Netflix Finally Gives Eight-Year-Old Gabriel Fernandez, Who Was Murdered And Tortured By His Own Mother, A Voice
How eight-year-old Gabriel Fernandez, an so many other abused children like him, slip through the cracks of our systems is the featured question in Netflix’s latest documentary series.
The emotional and deeply harrowing story of how the Los Angeles boy was found naked with shattered ribs and a cracked skull horrified readers back in 2013 when reports of his death were published. The boy had been found at his family’s home in Palmdale, California and died two days later on May 22, 2013 and what remained sparked investigations into how an entire system meant to protect him sorely let him down.
The series, The Trials of Gabriel Fernandez comes from documentarian Brian Knappenberger, and focuses on the child’s death and the arrest of his mother and her boyfriend.
The documentary, whose trailer dropped early this week, is set to focus on the role of the government systems that failed to protect Gabriel. By the time of his death, multiple reports of abuse had been filed and various warning signs became apparent. Soon after his death Gabriel’s mother, Pearl Fernandez pleaded guilty to first-degree murder and admitted she’d intentionally meant to murder her son by torture. For her part, Fernandez was sentenced to life in prison without parole. Her boyfriend, Isauro Aguirre, was later sentenced to death after being convicted of first-degree murder with “the special circumstance of intentional murder by torture.”
During Aguirre’s trial, prosecutors claimed that Gabriel had been forced to eat cat feces and cat litter.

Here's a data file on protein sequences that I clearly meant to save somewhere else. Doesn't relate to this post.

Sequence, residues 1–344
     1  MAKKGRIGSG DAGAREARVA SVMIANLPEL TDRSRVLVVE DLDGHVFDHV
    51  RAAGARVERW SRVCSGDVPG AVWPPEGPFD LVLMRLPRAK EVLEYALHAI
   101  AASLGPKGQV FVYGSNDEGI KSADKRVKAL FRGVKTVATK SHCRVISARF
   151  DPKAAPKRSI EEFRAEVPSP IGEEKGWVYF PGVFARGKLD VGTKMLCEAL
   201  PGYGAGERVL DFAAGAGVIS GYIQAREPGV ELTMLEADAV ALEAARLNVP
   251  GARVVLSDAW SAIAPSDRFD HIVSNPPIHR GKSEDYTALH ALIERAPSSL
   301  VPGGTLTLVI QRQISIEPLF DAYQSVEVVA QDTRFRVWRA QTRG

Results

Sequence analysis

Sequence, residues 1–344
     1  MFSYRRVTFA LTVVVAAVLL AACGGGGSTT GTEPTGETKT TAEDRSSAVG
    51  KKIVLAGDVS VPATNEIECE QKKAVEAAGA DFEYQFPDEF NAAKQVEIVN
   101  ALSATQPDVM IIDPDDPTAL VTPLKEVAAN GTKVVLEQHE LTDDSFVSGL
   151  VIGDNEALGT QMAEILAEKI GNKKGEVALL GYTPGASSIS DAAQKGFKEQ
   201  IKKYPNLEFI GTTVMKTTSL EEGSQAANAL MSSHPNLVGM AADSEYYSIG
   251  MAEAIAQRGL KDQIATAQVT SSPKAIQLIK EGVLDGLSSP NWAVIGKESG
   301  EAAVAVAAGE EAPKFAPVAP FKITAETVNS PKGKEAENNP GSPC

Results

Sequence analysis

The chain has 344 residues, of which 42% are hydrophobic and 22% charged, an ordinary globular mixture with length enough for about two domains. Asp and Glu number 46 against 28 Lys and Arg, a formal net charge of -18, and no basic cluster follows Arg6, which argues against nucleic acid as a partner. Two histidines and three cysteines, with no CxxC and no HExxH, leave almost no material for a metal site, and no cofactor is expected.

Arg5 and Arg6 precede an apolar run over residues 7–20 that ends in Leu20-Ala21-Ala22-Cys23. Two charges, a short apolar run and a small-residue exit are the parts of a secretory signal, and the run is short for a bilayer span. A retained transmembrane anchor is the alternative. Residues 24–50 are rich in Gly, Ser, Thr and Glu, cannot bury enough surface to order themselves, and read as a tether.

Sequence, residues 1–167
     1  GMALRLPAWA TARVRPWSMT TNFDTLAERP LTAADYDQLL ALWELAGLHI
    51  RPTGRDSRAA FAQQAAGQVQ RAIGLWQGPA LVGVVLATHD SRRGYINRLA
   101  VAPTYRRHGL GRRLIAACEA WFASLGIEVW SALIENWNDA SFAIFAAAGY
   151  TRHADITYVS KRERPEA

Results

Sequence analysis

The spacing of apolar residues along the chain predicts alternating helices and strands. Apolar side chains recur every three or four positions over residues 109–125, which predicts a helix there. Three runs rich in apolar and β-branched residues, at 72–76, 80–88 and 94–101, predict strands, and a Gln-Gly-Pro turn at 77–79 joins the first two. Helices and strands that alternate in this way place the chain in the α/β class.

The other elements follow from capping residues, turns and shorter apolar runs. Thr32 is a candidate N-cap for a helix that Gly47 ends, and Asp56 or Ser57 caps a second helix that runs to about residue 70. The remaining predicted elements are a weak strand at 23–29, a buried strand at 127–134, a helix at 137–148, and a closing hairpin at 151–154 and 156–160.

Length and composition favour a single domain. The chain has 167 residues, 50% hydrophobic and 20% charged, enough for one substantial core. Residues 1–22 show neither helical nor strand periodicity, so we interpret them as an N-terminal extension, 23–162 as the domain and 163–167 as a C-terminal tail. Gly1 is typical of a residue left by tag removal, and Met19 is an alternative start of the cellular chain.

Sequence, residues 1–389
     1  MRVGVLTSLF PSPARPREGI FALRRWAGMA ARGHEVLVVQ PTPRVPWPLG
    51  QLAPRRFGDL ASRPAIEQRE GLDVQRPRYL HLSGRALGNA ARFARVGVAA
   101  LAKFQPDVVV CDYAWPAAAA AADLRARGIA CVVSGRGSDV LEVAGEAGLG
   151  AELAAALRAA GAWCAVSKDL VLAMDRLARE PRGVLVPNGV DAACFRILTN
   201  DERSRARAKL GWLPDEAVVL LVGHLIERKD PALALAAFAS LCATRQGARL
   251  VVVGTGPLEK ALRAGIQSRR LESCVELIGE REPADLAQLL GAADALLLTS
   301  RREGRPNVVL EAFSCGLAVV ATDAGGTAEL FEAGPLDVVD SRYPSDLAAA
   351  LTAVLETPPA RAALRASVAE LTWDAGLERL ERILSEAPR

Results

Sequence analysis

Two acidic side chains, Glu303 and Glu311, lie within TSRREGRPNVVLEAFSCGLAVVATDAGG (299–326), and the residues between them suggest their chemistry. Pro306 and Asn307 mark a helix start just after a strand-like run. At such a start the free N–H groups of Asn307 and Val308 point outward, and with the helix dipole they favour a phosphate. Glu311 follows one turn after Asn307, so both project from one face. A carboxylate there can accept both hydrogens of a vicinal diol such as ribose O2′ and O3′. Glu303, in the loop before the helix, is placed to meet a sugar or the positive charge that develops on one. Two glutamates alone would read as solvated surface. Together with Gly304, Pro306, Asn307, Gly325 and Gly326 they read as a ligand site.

He’d also been forced to sleep while bound up and gagged in a small cabinet and he’d been struck by his mother’s boyfriend with metal hangers, a bat and a club. According to the Los Angeles Times, Gabriel had been brutally beaten up by his mother and Aguire after he didn’t clean up his toys. Prosecutors alleged that Aguirre abused and killed Gabriel because he thought he was gay.
Speaking to People in an interview about the new series, Knappenberger said, “What we do know is that he called him gay when he was beating him. And it’s one of the first things he told the first responders when the first responders entered the house and were trying to save Gabriel’s life. So take from that which will, but it certainly played a role.”
At the heart of the 2013 trials were questions related to how all of this started and how it continued to play out for so long.
According to Knappenberger Gabriel came from a struggling home environment and spent much of his life being passed between relatives before returning to his mother’s home who “took him back for welfare money, that she wanted extra welfare money.”
At their 2018 sentencing, Los Angeles Judge George G. Lomeli called the violence the boy suffered “horrendous, inhumane and nothing short of evil.”
“The Trials of Gabriel Fernandez” is set to start streaming on Netflix on Feb. 26.
Notice any needed corrections? Please email us at firstname.lastname@example.org